Take the California State Teachers’ Retirement System (CalSTRS), which in February reported that it had its second-highest year for retirements in 2020, behind the fallout from the Great Recession. The pension fund reported a steep 26% jump in the second half of 2020 from the same time a year before.
When the pension fund for educators surveyed roughly 500 of these retirees, about 62% said they retired earlier than they planned. More than half said the challenges of teaching during the pandemic pushed them to seek an early out. Still, a CalSTRS spokesperson said this week that the fund does not expect the retirements to have a “material impact” on the funding levels.
Broadly speaking, any damage from early retirements is going to be “fairly muted,” according to Kevin McLaughlin, head of liability risk management for North America at Insight Investment.
Chile’s privately run pension funds are in a battle for survival, reeling under the impact of billions of dollars of withdrawals as politicians and social movements attack a system once viewed as a model for the world.
Chileans have taken out more than $30 billion from their retirement savings in the past year and congress has authorized a third wave of withdrawals that could drive the figure to more than $50 billion. That would leave the pension funds with about $180 billion of equities and fixed-income assets. Many lawmakers are now calling for the whole system to be dismantled.
Created during the dictatorship of August Pinochet on the advice of free-market economists known as the Chicago Boys, the private pensions Chileans are required to fund are a bedrock of the country’s system. The savings they have generated over the past four decades have given local credit markets and the peso a stability that is the envy of serial defaulters such as Argentina or Ecuador, and prompted countries including Peru and Colombia to adopt similar structures. Yet, many complain that the funds have failed to provide decent pensions.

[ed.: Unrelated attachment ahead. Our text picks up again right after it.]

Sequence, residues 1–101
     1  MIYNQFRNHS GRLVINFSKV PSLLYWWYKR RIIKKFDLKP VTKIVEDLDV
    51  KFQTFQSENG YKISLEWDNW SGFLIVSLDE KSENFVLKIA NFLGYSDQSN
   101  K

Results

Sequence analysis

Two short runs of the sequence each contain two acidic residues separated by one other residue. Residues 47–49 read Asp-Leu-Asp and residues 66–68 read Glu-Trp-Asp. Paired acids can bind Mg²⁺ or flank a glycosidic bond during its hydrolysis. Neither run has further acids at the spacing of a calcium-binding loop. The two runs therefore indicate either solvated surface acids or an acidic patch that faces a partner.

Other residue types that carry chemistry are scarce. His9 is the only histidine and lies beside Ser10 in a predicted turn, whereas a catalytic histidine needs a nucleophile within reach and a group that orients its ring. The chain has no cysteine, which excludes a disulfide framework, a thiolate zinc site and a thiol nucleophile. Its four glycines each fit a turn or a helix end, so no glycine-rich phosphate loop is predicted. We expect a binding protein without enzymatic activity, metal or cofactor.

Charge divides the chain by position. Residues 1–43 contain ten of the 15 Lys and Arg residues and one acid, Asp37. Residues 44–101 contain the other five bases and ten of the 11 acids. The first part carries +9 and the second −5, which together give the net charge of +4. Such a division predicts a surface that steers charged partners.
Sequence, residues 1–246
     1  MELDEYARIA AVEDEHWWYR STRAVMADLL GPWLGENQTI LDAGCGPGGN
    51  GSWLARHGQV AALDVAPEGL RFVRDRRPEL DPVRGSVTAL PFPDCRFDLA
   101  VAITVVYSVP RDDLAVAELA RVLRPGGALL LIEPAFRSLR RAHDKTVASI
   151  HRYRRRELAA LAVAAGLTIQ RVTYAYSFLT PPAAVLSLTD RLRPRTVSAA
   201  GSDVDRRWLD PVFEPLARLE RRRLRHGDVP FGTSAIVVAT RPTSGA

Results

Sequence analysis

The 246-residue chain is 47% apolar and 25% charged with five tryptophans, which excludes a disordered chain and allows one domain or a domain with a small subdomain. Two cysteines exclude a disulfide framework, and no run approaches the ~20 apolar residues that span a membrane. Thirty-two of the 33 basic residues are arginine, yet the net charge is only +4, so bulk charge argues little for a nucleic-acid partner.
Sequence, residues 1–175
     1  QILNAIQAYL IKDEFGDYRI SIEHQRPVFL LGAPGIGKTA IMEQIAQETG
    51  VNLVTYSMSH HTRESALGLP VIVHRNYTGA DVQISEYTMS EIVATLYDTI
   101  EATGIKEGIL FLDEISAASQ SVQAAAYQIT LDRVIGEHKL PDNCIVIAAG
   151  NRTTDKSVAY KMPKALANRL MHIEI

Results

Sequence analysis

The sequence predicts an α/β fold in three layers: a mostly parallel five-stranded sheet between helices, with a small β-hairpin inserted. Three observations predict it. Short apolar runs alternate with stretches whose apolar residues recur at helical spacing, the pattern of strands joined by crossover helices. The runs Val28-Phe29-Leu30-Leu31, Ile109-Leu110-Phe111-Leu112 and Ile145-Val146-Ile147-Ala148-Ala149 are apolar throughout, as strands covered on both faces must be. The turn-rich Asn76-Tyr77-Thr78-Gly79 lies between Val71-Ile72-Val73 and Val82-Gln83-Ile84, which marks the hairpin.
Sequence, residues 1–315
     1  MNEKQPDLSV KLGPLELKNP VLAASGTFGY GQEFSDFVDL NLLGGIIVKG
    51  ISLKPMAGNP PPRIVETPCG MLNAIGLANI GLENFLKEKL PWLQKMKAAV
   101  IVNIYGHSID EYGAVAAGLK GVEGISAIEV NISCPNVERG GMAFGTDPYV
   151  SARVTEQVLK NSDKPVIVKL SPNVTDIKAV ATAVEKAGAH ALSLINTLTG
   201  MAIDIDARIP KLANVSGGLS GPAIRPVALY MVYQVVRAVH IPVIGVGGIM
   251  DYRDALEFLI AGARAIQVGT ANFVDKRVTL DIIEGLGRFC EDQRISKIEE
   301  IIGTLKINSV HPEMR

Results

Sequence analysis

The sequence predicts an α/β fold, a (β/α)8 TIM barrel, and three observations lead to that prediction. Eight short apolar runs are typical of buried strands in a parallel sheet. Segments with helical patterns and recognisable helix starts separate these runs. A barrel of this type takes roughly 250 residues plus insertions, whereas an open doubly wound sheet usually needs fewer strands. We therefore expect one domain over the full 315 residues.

Distrust in the system, and a need for cash, meant Chileans rushed to pull money out of their savings accounts as the pandemic forced the government to shutter much of the economy.
Chile´s Congress on Friday approved by a large majority a move to allow citizens to withdraw a third tranche of their privately held pensions to assuage economic hardship wrought by the coronavirus pandemic.
Lawmakers in the country´s lower house approved the measure with 119 to 17, with 3 abstentions, prompting cheering and applause. Senators greenlighted the move earlier this week.
Previously, Congress approved two withdrawals of 10% from pension pots in July and December, with the help of members of President Sebastian Pinera’s Chile Vamos coalition who defied instructions to vote the initiatives down.
Wharton Business Daily: What are your thoughts on the move by Congress to allow people to be able to dip into their 401(k) accounts? You are not a fan of that idea in general.
OliviaMitchell: That’s true. This got started in March 2020, when the CARES Act was passed by Congress, allowing people who had 401(k) accounts and who were younger than age 59.5 to access up to $100,000 from their retirement accounts without paying the 10% penalty. Congress permitted this in the throes of COVID and then they allowed the income taxes on those withdrawals to be spread over three years unless the money was repaid to the account. That option ended in December 2020.
Congress passed a new bill in December that did not extend penalty-free access to everyone, but it did permit people who experienced federally declared disasters, aside from COVID, to withdraw some of their 401(k) money. So, there are still eligible people who, in 2021, can withdraw up to $100,000 from their retirement accounts without penalties. Again, they can spread it over three years for tax purposes. In general, this is not a good idea.